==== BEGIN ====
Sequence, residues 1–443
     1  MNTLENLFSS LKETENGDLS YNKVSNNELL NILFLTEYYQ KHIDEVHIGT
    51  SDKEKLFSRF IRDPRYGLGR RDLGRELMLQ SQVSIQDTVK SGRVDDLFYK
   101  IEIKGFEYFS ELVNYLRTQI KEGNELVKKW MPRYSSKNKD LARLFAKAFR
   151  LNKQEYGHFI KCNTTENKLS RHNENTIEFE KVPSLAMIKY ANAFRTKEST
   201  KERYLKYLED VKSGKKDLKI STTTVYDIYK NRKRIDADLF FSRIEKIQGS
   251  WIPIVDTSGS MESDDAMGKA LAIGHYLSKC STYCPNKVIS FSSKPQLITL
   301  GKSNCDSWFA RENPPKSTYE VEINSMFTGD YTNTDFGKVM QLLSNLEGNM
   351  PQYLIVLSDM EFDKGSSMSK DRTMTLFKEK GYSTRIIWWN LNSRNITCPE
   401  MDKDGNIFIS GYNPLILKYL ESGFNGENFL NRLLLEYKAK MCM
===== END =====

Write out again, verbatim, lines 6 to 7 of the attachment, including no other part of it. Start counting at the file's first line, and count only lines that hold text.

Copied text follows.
   201  KERYLKYLED VKSGKKDLKI STTTVYDIYK NRKRIDADLF FSRIEKIQGS
   251  WIPIVDTSGS MESDDAMGKA LAIGHYLSKC STYCPNKVIS FSSKPQLITL